We know Humana, without the merger, is pulling out. Aetna claimed for months it would remain in the Obamacare exchanges, but is now saying it may scale back. And Anthem announced recently that it will only expand into other exchanges if it’s Cigna merger goes through. In other words, the Obama administration’s efforts to keep four insurers from becoming two may mean that only one or none will continue selling on the Obamacare exchanges.

Expect to see even fewer insurers participating and higher premiums as financial losses increase, especially if the Obama administration continues its efforts to stop money-losing insurers from merging. Policyholders will likely be receiving the notice that their premiums are rising or policy is being canceled in September or October—just before the election.

Merrill Mathews is a resident scholar with he Institute for Policy Innovation at ipi.org.

Response to DOJ’s Move To Block Mergers

The Justice Dept. is suing to block two proposed mergers between major health insurance companies, saying the deals violate antitrust laws. The lawsuits argue that a $37 billion merger between Humana and Aetna would lead to higher health-insurance prices, reduced benefits, less innovation, and worse service for over a million Americans. The DOJ also says that the $54 billion acquisition of Cigna by Anthem would be the largest merger in the history of the health insurance industry. California insurance commissioner Dave Jones said, “I urged the DOJ to prevent these health insurance mergers, which would result in a highly concentrated, less competitive health insurance market doing irreparable harm to consumers and businesses. During the public hearings I convened, I questioned executives from Anthem, Cigna, Aetna and Humana. None of the companies were able to substantiate their claims of savings associated with the mergers. Not one company executive was willing to commit to pass along alleged cost savings to consumers through lower premiums. Bigger is not better when it comes to health insurance mergers. History has shown that health insurance mergers result in higher prices, fewer choices, and lower quality of care.”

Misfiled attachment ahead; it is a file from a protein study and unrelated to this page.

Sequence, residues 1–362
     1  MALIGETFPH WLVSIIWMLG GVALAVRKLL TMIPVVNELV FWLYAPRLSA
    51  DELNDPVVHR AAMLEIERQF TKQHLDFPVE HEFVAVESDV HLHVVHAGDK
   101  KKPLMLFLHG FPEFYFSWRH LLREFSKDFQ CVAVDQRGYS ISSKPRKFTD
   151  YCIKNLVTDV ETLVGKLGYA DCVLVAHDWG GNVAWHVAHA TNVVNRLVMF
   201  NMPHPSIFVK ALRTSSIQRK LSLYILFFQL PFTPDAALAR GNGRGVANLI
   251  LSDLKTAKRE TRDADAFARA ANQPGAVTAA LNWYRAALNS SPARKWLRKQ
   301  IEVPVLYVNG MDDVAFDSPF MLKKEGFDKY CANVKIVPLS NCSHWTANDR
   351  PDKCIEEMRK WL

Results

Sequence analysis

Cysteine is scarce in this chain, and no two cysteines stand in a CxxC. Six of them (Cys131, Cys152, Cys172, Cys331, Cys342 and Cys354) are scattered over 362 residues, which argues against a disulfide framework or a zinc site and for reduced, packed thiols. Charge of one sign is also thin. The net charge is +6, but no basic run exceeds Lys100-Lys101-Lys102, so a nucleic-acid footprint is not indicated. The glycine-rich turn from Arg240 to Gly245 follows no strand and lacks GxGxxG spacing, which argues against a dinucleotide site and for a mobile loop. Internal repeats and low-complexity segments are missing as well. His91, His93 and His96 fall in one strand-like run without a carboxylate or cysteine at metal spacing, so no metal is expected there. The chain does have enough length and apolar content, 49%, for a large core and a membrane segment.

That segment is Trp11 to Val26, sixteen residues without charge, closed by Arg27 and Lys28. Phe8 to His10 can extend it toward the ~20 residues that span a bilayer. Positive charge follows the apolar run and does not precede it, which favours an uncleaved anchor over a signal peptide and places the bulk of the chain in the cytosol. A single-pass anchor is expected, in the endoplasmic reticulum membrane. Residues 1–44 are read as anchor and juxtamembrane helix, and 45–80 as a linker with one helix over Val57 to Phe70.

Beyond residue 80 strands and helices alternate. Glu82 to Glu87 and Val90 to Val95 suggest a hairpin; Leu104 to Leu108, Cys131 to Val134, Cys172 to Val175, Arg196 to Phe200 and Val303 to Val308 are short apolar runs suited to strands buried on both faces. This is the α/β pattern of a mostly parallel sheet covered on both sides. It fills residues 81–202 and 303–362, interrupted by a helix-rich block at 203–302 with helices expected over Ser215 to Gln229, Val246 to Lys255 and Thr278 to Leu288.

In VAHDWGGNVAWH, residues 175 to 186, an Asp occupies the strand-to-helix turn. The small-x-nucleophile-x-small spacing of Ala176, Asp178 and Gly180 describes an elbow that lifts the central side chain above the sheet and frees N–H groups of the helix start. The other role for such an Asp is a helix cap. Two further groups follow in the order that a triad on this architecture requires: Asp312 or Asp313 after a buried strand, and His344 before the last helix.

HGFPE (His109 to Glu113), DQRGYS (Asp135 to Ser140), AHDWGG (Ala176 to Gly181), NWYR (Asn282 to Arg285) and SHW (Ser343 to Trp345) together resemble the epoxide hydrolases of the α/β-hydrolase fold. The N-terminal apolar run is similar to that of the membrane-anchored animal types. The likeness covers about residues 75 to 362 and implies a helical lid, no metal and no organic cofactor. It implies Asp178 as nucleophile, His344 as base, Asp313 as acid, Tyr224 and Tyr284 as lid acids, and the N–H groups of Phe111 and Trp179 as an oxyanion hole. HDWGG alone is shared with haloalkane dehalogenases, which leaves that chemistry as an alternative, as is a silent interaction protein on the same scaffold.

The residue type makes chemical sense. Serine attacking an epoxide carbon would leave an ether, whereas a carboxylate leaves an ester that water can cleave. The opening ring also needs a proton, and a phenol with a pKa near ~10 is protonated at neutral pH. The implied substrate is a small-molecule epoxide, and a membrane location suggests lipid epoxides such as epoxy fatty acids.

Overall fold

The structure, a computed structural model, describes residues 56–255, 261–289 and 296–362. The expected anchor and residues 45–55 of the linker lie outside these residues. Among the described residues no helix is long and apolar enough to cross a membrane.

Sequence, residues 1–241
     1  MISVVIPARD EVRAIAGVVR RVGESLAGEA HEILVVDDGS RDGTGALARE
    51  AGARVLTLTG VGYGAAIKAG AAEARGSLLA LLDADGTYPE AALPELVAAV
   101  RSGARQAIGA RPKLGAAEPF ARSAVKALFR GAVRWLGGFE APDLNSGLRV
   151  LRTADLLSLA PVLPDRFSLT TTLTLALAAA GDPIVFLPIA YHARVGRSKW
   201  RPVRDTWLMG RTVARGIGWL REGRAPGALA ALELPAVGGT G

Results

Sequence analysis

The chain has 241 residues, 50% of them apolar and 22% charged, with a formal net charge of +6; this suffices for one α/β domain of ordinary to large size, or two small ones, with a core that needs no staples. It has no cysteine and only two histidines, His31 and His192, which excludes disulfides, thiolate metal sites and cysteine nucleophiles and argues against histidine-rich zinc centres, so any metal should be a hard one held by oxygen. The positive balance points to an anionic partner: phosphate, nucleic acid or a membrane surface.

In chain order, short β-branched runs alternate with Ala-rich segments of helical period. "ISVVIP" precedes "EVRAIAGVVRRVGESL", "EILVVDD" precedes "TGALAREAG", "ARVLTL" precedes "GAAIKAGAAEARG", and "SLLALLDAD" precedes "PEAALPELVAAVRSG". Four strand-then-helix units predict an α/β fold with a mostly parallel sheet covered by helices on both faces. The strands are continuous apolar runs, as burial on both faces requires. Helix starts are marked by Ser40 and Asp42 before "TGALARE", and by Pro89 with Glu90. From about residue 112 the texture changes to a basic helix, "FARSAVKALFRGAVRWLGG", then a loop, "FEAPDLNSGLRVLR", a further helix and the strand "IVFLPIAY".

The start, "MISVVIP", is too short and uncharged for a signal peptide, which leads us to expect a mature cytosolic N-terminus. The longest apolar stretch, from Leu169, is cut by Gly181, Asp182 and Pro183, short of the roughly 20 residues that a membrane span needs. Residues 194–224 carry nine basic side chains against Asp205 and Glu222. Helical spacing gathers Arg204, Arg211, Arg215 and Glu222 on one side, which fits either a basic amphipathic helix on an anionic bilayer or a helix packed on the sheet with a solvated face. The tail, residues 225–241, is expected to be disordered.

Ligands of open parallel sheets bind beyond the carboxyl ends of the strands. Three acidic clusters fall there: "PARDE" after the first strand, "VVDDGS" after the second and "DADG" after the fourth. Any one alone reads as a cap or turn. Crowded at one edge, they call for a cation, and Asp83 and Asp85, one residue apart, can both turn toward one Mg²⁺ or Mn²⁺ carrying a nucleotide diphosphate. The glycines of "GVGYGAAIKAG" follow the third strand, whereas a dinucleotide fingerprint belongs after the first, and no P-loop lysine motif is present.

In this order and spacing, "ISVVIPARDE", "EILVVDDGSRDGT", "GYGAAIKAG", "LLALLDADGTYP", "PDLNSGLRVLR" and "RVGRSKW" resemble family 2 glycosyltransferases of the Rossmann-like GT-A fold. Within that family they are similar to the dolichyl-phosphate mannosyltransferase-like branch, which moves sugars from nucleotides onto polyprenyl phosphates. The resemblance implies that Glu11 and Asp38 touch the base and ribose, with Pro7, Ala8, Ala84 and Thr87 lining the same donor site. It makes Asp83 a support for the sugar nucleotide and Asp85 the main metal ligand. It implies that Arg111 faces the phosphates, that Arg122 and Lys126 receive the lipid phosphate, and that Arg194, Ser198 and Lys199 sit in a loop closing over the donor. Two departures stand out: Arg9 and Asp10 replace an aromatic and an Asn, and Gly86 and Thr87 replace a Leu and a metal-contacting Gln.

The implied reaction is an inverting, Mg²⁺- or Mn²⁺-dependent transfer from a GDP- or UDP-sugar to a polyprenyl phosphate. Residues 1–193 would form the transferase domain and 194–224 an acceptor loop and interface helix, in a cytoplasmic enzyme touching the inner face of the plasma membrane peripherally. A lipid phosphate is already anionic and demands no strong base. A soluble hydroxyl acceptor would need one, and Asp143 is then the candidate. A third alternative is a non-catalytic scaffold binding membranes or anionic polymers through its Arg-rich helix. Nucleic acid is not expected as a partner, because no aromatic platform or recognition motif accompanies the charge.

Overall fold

Dr. Merrill Matthews of The Institute for Policy Innovation said, “The Obama administration is attempting to block the Aetna-Humana and Anthem-Cigna mergers because it wants more competition, but if compounding financial losses force these companies to drop out of the exchanges, there won’t be any competition. Two larger health insurers are better than none. Health insurance company mergers started shortly after the ACA passed in order to survive the new environment of high costs and government regulations…For example, Arizona’s Maricopa County was once praised as a center of robust competition with eight insurance companies competing in its ACA exchange. But in just a few years, that number will drop to only three insurers, two of which are Aetna and Cigna. If Washington stifles these same companies’ attempts to stay afloat in the exchanges, Maricopa County and other areas could see only a single insurer available in its marketplace—if any at all…If the Department of Justice’s stonewalling is successful, those insurers will likely join many others and pull out of the Obamacare exchanges, leaving even less competition and higher prices. And that will force the administration to devise even more excuses for why health care costs are exploding.”

The Cadillac Tax Gets Delayed Until 2018

Congress passed a $1.5 trillion omnibus spending bill and $680 billion tax-extenders package, which funds the government through September 2016. President Obama signed the legislation on Friday. Included in the bill is a provision that will delay the Cadillac tax. The Affordable Care Act (ACA) imposes a 40% non-deductible excise tax on health plans with values exceeding $10,200 in coverage for singles and $27,500 for families beginning in 2018. The provision is indexed to inflation and will rise automatically over time, potentially affecting all employer-sponsored plans. If the tax goes into effect, employers could shift the cost of the tax to employees by raising deductibles and increasing other out-of-pocket costs. The omnibus bill delays the tax for two years, until 2020.